$43k penalty for exploitation of abbatoir workers

The Fair Work Ombudsman has secured $43,000 in penalties against the former general manager of a labour hire company over the deliberate exploitation of migrant workers at an abattoir in NSW.

The penalty has been imposed in the Federal Circuit Court against Zu Neng Shi, who was the general manager of labour-hire company Raying Holding Pty Ltd before it went into liquidation in 2015. Shi was responsible for placing 10 employees of Raying Holding at an abattoir in NSW that was operated at the time by Primo Australia.

The employees were all male overseas workers and migrants from China who spoke little or no English. Two of the workers, both full-time employees, were migrants who had become Australian citizens. The other eight workers, all casual employees, were in Australia on short-terms visas, including the 417 working holiday visa. They worked as entry-level labourers in the abattoir’s slaughtering, boning and despatch operations and were underpaid a total of $41,674 between March, 2011 and July, 2013.

When Fair Work Ombudsman inspectors investigated the matter, they found Raying Holding and Shi had paid the workers flat rates ranging from $15.50 to $24 an hour, despite them often working more than eight hours a day. This led to significant underpayment of their overtime rates, as under the Meat Industry Award 2010 at the time, some workers were entitled to rates of up to $33.05 an hour for some of the overtime work they performed.

The workers were also underpaid smaller amounts for ordinary weekday work and public holiday work, as well as casual loading. The largest individual underpayment was $10,257. Despite Raying Holding back-paying the workers in full, the Fair Work Ombudsman used the accessorial liability provisions of the Fair Work Act to commence legal action against Shi.

Shi claimed he was not knowingly involved in the underpayment of the workers because he was not aware of the applicable Award. However, Judge Cameron dismissed Shi’s claim, finding that “any ignorance on Mr Shi’s part of details of the Modern Award was the result of wilful blindness on his part. I infer that he chose not to inform himself because the knowledge gained would be inconvenient.”

Judge Cameron found that Shi had been involved in deliberate underpayment of vulnerable workers, saying the workers’ “limited grasp of the English language” contributed to making them vulnerable.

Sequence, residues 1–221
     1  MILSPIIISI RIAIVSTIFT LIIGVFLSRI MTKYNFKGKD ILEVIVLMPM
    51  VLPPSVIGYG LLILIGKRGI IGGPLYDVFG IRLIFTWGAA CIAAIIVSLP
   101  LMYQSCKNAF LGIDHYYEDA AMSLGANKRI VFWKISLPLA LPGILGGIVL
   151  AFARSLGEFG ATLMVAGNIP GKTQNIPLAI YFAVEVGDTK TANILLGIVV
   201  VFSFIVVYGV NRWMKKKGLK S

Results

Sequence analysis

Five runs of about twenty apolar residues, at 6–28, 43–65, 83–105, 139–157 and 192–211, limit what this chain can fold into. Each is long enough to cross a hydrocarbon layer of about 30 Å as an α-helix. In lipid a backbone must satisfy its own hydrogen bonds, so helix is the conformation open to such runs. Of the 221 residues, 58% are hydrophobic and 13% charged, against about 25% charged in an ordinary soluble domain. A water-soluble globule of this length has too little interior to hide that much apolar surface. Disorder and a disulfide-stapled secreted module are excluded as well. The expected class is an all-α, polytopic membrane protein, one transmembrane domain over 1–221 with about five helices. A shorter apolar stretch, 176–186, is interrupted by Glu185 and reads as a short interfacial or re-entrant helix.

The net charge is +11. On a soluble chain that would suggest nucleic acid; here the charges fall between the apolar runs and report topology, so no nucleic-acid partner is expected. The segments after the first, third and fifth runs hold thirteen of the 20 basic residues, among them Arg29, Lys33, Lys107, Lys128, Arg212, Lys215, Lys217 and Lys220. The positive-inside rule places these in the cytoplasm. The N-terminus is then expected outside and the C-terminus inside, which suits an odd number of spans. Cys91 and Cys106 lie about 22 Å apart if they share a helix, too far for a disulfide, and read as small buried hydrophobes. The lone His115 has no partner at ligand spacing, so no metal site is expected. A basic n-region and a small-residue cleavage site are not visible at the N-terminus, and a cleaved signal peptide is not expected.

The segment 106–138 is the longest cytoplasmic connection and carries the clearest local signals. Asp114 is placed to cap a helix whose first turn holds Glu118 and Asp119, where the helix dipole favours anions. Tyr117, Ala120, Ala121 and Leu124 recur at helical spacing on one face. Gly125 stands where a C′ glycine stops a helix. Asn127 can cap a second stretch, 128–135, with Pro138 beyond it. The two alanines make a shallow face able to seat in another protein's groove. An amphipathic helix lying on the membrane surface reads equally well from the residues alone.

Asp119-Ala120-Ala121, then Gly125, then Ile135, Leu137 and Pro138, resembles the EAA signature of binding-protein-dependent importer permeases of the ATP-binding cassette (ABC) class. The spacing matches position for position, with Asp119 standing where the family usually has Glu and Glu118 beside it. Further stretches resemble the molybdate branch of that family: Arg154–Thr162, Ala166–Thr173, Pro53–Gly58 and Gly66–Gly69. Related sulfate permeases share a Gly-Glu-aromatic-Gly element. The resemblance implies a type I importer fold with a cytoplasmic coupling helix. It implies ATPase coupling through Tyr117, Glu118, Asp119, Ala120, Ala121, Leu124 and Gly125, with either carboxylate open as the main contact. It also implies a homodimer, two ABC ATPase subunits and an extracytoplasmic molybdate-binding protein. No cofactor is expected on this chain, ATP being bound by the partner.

The judge also noted that Raying Holding had organised the workers’ accommodation and transport to and from the abattoir. “These matters suggest further isolation of the Employees from the Australian community as well as an element of practical control over them by Raying Holding and, by implication, Mr Shi,” he said.

Judge Cameron also found that Shi was involved in contravening sham contracting laws in relation to the two full-time employees being misclassified as independent contractors and told to obtain Australian Business Numbers (ABNs).

In addition, Shi was also involved in contravening record-keeping and pay slip laws, with the casual employees having received no pay slips for at least eight months. “The failure to keep proper records and to provide employees with pay slips strikes at the heart Australia’s industrial law system because it compromises employees’ ability to monitor their employers’ compliance with industrial laws and the regulator’s ability to investigate breaches of industrial laws,” Cameron said.

Judge Cameron noted that Shi had not displayed any contrition. “He gave no indication of any steps having been taken at his direction to ensure that contraventions of the sort seen in this matter were not repeated by Raying Holding or any other business in which he had managerial responsibilities.”

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